British Airways confirmed on Monday that personal data, including bank details, of all its UK employees have been accessed by hackers.
The company said the cyber attack was the result of a flaw in the file transfer system MOVEit which was exposed last week.
The so-called zero-day vulnerability allowed hackers to access information from a range of global companies.
UK-based payroll company Zellis confirmed on Monday eight of its current clients have been affected by the data breach. BA later confirmed they were one of the companies whose employees’ data have been breached.
BA has now written to all UK-based members of its 34,000-strong workforce to warn them of the “cyber security incident which has led to the disclosure of personal information about colleagues paid through British Airways’ payroll in the UK and Ireland.”
According to The Telegraph, the BBC and Boots were also affected by the hacking – which has been linked to a Russia-based group.
Boots contacted employees to inform them that their names, surnames, employee numbers, the first lines of their home address and national insurance numbers have been breached.
They however maintained that only a “very small number” of staff had their data compromised.
The BBC issued a statement via a spokesperson confirming their data was accessed via Zellis. They said: “We are aware of a data breach at our third party supplier, Zellis, and are working closely with them as they urgently investigate the extent of the breach.
“We take data security extremely seriously and are following the established reporting procedures.”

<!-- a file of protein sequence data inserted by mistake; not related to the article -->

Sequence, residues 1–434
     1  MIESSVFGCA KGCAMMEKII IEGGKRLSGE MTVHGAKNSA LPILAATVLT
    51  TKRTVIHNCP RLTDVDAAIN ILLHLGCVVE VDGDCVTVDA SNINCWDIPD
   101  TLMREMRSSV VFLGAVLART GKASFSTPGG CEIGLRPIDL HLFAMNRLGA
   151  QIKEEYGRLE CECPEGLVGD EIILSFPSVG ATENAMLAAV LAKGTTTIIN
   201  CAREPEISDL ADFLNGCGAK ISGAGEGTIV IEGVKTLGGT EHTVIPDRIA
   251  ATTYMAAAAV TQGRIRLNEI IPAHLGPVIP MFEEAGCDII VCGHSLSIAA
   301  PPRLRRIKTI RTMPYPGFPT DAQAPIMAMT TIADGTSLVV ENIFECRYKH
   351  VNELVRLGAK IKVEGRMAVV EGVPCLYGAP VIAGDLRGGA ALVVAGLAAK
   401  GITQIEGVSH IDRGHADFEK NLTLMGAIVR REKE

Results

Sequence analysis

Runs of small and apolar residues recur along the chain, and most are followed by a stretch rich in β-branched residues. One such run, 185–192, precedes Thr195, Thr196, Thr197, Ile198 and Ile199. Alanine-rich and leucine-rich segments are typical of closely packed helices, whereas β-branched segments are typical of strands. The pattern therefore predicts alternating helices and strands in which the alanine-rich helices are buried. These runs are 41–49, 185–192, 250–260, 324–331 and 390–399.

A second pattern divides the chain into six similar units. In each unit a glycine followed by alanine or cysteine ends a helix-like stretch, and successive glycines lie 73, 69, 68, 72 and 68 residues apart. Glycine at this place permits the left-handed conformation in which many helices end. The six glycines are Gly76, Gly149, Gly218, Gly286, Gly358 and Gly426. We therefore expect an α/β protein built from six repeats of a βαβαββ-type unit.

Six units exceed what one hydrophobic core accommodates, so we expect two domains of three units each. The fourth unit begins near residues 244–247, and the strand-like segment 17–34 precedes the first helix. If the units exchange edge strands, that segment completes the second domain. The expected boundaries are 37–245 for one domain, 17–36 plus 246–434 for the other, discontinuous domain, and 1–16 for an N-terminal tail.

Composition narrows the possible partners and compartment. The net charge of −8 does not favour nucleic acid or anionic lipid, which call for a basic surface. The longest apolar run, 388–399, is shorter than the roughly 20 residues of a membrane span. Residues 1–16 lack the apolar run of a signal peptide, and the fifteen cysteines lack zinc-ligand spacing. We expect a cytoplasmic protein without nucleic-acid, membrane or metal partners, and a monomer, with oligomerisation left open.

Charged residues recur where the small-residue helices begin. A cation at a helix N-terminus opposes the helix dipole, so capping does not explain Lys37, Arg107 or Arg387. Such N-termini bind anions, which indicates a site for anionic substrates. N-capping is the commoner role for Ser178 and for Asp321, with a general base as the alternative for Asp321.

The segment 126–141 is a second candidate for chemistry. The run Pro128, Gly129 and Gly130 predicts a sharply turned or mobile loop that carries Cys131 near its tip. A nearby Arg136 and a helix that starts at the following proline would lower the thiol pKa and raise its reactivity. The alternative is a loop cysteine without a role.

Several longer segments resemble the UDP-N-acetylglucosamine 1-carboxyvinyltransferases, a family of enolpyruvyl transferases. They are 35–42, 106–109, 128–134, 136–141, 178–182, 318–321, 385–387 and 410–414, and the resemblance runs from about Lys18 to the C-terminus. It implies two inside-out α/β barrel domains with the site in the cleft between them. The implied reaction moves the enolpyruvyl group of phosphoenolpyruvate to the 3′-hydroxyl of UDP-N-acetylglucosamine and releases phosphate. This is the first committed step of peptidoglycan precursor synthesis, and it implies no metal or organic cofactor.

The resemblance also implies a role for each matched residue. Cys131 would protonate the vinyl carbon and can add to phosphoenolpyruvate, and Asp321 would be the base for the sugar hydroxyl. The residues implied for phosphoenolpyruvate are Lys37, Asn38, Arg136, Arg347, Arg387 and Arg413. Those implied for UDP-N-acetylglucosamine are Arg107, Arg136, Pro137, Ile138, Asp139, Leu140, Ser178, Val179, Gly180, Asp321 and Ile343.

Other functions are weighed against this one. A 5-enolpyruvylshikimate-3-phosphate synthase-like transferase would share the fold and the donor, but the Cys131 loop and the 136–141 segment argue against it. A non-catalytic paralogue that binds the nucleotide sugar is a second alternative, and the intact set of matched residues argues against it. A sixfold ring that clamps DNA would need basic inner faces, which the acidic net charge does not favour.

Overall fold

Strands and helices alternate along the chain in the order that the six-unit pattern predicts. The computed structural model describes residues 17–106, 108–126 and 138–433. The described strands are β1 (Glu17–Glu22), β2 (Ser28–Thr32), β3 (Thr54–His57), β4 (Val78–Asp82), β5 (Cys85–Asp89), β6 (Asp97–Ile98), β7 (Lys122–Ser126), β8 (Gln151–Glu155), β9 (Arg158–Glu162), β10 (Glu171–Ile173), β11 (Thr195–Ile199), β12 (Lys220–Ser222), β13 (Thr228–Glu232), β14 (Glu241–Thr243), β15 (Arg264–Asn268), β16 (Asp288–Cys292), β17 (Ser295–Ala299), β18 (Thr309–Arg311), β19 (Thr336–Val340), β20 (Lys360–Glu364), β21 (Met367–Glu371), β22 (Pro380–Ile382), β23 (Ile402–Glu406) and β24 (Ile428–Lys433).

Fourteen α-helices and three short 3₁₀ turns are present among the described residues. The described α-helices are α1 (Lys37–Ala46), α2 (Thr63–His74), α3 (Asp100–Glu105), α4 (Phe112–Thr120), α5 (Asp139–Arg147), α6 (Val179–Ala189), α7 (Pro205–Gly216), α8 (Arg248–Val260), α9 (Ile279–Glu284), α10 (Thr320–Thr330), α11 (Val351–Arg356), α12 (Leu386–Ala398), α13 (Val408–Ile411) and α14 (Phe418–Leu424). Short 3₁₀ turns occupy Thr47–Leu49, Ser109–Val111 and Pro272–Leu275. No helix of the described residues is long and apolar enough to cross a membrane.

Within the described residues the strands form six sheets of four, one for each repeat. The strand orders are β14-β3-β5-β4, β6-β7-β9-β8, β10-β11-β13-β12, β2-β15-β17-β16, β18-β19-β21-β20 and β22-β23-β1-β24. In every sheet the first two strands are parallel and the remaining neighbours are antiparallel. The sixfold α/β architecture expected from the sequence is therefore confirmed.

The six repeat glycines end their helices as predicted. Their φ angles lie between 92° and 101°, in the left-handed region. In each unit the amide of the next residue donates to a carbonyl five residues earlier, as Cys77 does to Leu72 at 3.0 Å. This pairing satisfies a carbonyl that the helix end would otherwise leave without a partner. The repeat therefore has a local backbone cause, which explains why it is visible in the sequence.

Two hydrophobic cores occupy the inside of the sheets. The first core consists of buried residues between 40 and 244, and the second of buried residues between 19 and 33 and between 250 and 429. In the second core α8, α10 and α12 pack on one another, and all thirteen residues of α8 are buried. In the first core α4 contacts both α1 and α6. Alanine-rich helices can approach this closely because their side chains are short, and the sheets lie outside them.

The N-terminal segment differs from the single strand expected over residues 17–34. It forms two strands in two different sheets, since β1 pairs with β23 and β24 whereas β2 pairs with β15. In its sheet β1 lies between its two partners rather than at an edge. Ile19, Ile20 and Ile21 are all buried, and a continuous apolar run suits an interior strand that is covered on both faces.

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Zellis provides services to several large business across the UK, including the NHS and Jaguar Land Rover.
A spokesman for the company said: “We can confirm that a small number of our customers have been impacted by this global issue and we are actively working to support them.
“All Zellis-owned software is unaffected and there are no associated incidents or compromises to any other part of our IT estate.
“Once we became aware of this incident we took immediate action, disconnecting the server that utilises MOVEit software and engaging an expert external security incident response team to assist with forensic analysis and ongoing monitoring.
“We have also notified the ICO, DPC, and the NCSC in both the UK and Ireland.
“We employ robust security processes across all of our services and they all continue to run as normal.”
Progress Software, the maker of MOVEit, identified the flaw in their programme last week. The company advised customers to “take immediate action” and remove any unauthorised account added by the hackers.
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